Saturday, 29 November 2014

£250 energy saving from new 'black box'

A new hi-tech way that is said to cut energy bills by up to a fifth is about to go on the market. The idea is that a “black box” will turn appliances, such as fridges, on and off in response to fluctuations in the wholesale price of electricity, which occur continuously throughout the day.
The devices will be offered to households later this next month by a new firm, Tempus Energy, which claims that customers will be able to save 20pc on their electricity bills by using so-called “demand response” technology that remotely manages their home appliances.
The black boxes are installed in the customer’s home and communicate with “smart” appliances such as dishwashers and storage heaters. The boxes receive instructions from the energy company, which uses complex technology to trade wholesale energy during the day. These prices change on a half-hourly basis.
For example, when energy is at its cheapest, the company’s computer system sends a message to each black box instructing it to switch on people’s appliances. At times of peak energy use, wholesale electricity costs more and the black box is told to switch householders’ devices off. For example, a fridge-freezer may be temporarily turned off in order to cut costs.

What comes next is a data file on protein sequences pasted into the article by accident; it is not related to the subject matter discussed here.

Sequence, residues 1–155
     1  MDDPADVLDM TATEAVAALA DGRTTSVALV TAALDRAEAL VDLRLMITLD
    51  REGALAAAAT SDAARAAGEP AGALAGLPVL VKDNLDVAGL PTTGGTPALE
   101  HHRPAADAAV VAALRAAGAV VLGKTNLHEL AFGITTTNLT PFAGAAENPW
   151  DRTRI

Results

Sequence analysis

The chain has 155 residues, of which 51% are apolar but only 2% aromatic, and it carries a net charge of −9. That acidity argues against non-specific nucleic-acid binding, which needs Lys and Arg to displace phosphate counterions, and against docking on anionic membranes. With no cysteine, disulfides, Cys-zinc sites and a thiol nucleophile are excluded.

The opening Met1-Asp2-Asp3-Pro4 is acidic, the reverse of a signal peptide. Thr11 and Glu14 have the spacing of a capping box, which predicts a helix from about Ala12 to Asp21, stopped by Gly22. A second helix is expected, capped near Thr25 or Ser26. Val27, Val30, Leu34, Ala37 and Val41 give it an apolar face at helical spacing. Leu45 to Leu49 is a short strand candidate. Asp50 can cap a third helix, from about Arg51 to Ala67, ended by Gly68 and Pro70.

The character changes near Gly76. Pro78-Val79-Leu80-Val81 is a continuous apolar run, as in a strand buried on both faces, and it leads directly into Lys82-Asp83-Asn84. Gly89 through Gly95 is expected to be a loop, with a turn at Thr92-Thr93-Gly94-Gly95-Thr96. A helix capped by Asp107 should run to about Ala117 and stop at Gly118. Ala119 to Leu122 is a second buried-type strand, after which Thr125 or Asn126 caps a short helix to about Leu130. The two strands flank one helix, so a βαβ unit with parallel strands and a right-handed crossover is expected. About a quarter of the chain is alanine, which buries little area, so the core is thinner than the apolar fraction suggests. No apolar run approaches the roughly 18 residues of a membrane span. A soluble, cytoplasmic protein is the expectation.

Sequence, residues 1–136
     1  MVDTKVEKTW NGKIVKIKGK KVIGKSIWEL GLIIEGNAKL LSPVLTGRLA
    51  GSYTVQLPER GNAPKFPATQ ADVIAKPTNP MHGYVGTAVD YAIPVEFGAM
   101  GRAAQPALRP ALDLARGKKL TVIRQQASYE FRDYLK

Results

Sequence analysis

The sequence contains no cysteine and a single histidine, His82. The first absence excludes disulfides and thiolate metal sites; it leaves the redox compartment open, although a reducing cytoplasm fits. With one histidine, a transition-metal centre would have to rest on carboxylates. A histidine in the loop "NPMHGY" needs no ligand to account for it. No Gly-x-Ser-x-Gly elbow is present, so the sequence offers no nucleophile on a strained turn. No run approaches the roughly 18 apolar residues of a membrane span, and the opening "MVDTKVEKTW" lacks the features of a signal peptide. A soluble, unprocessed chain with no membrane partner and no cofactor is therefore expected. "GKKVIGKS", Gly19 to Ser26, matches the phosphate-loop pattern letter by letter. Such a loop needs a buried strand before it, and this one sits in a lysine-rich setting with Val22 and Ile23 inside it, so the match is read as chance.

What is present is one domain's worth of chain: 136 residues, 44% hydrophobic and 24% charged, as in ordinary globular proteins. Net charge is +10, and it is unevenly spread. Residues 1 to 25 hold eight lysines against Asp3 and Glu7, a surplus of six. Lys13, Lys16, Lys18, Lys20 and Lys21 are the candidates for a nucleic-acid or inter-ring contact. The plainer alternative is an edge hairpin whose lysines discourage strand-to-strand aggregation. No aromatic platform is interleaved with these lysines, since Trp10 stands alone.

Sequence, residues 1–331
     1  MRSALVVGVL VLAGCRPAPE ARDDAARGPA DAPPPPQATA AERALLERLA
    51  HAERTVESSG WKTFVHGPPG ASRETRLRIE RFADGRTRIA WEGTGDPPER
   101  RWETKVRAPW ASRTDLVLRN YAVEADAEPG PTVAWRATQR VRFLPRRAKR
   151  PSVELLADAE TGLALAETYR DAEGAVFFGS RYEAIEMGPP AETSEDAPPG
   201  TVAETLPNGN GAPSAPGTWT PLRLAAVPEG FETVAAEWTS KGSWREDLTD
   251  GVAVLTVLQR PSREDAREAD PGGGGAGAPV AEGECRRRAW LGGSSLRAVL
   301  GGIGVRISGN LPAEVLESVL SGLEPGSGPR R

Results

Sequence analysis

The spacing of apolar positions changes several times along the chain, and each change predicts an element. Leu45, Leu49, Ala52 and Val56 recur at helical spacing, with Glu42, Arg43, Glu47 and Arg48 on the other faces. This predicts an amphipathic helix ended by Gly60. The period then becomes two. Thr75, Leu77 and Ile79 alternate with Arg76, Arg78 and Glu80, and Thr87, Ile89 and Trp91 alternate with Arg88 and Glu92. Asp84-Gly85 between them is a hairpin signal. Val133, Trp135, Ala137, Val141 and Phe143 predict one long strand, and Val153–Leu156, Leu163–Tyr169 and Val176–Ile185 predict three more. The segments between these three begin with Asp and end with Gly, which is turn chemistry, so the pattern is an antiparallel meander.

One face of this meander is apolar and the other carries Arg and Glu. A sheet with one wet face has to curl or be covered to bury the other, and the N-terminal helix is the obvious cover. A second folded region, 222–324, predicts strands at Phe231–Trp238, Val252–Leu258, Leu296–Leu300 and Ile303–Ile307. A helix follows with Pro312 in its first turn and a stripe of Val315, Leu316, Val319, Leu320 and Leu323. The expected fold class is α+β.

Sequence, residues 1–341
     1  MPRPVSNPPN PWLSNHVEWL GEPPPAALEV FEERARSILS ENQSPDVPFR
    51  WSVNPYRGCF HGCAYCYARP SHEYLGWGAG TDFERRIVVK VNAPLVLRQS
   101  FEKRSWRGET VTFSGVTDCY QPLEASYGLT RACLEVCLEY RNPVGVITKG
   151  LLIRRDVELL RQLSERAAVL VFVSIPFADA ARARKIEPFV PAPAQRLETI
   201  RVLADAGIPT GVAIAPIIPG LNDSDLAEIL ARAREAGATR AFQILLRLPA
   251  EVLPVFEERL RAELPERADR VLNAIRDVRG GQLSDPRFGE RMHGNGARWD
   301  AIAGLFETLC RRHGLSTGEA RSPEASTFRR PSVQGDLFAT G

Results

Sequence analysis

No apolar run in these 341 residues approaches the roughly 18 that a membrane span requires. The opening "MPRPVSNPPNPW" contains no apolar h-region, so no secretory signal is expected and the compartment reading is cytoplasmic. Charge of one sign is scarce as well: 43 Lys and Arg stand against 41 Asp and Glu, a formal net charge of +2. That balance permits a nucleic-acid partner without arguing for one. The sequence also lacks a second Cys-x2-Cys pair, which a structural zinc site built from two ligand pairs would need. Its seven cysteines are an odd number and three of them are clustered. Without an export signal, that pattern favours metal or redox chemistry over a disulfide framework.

Tempus Energy claimed that its technology could cut the average energy bill, currently £1,265 a year, by more than £250.

“Smart” appliances, such as dishwashers and washing machines, that can be hooked up to a mobile phone, are already available in homes. Currently, they can be switched on and off remotely using a customer’s smartphone. The black box technology acts like the smartphone system but turns on the devices when electricity is at its cheapest.
As far as the bill payer is concerned, all he or she needs to do is to prepare, by making sure the dishwasher or washing machine is ready to go before bedtime, for example.
But could your television be automatically switched off during peak viewing hours? Tempus Energy says no. Certain tasks, such as making a cup of tea or watching a television programme, are “time-sensitive” and, therefore, cannot be switched off.

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